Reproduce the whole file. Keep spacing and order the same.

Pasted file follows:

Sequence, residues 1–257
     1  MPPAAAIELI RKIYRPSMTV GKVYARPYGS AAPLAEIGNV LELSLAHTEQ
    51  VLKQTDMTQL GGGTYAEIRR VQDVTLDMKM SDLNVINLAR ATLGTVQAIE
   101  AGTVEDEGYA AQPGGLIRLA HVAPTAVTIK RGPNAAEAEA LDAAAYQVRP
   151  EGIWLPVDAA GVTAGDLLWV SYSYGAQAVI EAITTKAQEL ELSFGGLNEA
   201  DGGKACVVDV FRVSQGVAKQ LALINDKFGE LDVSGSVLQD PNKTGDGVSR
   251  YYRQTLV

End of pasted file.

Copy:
Sequence, residues 1–257
     1  MPPAAAIELI RKIYRPSMTV GKVYARPYGS AAPLAEIGNV LELSLAHTEQ
    51  VLKQTDMTQL GGGTYAEIRR VQDVTLDMKM SDLNVINLAR ATLGTVQAIE
   101  AGTVEDEGYA AQPGGLIRLA HVAPTAVTIK RGPNAAEAEA LDAAAYQVRP
   151  EGIWLPVDAA GVTAGDLLWV SYSYGAQAVI EAITTKAQEL ELSFGGLNEA
   201  DGGKACVVDV FRVSQGVAKQ LALINDKFGE LDVSGSVLQD PNKTGDGVSR
   251  YYRQTLV